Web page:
In preparation for the election, it is my intention to analyse the economic consequences of the three major British parties (well the two major British parties and the Lib Dems) main policies. I obviously won’t have time to read through all of the manifestos and will only be looking at key points. I am also aiming to do this without party bias. I will not tell you which way I am intending to vote.
In every policy, there is a trade off. I won’t be able to talk about all of the trade offs and which is worth more than which. That is a subjective matter and one that only you have the answers to. If you are a floating voter, then this piece isn’t to encourage you to vote a certain way, but to try and describe some of the economics behind the policies. Unlike the referendum pieces I wrote, which were subjective, this is objective and is being written to inform as opposed to persuade. I will say my opinions and try to justify them, but yours may be different ad that’s why politics is so wonderful.
Please remember THAT I AM BEING CRITICAL and will be critical of all party manifestoes as I present them from a different angle to deliberately make you consider policies and economic effects in a different, more advanced, way
Corbyn’s manifesto is a risk. It is a real jump to the left that has not been seen in the past thirty years. Undoubtedly, it will appeal to some, but truly alienate others. The big concern is that it won’t attract centrist swing voters that you need to win an election. Furthermore people don’t like him. Therefore a rejection of him could be seen as a rejection of socialism entirely.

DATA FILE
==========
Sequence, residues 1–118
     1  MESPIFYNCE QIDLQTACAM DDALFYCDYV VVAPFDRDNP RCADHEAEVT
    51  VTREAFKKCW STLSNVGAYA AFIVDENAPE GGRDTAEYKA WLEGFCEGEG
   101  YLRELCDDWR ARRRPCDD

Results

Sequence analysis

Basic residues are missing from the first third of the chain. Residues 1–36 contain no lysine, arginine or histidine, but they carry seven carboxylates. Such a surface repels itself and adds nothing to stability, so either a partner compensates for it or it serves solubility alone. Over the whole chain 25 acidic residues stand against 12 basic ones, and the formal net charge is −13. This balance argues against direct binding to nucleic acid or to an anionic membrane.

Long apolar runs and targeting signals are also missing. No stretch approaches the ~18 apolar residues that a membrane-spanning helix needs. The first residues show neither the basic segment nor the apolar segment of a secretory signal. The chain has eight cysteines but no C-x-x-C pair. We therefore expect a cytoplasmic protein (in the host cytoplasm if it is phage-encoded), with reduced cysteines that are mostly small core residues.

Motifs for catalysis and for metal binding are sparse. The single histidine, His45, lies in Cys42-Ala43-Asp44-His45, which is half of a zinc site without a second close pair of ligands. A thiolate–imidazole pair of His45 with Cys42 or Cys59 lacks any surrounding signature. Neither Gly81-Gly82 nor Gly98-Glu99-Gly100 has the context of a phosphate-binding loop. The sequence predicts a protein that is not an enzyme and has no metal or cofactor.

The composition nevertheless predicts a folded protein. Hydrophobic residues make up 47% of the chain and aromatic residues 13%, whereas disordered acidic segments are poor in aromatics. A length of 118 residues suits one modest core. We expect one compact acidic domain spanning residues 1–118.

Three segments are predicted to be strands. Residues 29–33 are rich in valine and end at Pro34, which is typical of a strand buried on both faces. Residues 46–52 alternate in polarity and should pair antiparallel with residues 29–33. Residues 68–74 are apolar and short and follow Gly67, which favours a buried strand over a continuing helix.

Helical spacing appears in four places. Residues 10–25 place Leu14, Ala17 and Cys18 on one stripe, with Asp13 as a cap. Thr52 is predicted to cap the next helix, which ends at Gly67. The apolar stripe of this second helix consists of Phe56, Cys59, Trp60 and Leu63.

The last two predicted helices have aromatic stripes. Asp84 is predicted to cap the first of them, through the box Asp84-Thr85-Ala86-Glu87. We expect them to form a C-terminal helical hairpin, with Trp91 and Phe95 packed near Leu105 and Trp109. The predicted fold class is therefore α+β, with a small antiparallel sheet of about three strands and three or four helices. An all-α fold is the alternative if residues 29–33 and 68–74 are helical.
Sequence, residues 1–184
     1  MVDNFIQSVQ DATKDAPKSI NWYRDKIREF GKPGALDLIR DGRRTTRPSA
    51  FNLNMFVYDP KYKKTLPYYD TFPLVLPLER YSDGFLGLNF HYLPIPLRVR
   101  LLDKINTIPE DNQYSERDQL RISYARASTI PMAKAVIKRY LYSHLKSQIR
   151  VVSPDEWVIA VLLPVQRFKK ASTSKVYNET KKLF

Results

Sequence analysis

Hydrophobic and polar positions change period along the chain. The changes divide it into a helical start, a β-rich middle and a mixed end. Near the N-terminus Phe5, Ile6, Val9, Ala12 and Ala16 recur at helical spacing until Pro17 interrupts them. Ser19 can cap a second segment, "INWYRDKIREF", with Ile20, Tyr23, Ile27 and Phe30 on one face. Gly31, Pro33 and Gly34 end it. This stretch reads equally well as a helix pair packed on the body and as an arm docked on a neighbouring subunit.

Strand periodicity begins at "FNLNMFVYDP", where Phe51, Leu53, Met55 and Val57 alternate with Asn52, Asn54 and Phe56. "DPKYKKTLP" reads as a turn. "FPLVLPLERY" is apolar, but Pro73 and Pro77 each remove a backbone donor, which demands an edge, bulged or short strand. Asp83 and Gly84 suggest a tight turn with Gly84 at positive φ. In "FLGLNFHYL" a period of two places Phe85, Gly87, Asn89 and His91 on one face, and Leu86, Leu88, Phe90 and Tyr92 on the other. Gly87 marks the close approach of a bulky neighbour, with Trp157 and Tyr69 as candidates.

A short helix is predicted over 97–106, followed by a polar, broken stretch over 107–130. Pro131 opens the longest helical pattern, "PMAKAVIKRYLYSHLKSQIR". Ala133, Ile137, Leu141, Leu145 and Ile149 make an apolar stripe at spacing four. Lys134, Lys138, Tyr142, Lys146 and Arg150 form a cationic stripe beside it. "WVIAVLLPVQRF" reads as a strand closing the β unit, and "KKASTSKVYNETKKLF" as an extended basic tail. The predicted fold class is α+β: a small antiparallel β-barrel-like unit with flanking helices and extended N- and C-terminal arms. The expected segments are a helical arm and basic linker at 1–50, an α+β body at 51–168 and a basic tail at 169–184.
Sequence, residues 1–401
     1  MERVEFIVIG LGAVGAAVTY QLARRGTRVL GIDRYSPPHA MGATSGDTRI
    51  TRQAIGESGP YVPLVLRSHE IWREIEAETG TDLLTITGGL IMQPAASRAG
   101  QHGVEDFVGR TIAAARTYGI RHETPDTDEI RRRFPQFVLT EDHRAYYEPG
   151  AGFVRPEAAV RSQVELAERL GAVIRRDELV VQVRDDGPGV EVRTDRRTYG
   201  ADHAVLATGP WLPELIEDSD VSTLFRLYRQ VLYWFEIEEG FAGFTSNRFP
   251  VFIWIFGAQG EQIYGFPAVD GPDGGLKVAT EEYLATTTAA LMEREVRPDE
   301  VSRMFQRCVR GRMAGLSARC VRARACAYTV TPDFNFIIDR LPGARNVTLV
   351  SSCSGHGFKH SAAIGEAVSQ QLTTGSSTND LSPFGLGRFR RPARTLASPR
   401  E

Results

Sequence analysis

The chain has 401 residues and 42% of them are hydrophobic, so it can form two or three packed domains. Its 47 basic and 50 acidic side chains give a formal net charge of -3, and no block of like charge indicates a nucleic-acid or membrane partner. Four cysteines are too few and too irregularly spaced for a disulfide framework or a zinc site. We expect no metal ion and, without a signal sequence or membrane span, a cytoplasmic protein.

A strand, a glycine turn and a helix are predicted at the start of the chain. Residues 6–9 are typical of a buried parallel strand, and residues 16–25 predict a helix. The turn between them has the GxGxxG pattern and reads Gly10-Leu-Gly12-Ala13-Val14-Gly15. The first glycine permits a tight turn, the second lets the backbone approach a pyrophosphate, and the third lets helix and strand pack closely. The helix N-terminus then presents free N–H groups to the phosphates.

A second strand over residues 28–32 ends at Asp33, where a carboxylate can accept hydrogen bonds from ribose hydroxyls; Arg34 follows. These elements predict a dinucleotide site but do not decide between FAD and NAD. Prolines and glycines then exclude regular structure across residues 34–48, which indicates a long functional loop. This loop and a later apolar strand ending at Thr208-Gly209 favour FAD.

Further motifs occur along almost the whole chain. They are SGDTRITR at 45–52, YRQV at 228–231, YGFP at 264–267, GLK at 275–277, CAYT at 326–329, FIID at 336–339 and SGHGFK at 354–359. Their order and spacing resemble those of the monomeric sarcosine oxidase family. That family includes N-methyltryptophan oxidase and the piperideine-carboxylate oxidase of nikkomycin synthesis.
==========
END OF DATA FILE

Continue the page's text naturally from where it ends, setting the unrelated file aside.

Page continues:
Jeremy Corbyn’s main area of interest is re-nationalisation. Is re-nationalisation good? Well that is a tough question. In my humble opinion, generally no, but it depends purely on the industry. For the sake of economics beginners, a nationalised company is owned by the tax-payer/government. A privatised company is owned by an individual or company. The most common example of a nationalised company is the NHS. What makes the NHS different is that it is provided for free. Other nationalised companies aren’t.
There are two big problems with nationalization:
- The cost: Government pays above the odds in order to buy all of the shares of a company. They also under sell shares when nationalizing. The most recent example of this is George Osborne selling Royal Mail shares far too cheap.
- Monopoly: Anybody who reads my blog at all knows that monopolies are bad. They promote high prices and shortages of goods as they are the only company in the industry. Nationalised companies are generally protected by the government. Again, the royal mail are a clear example of this as the government put a price floor (minimum price) on how much other firms can charge for delivering letters.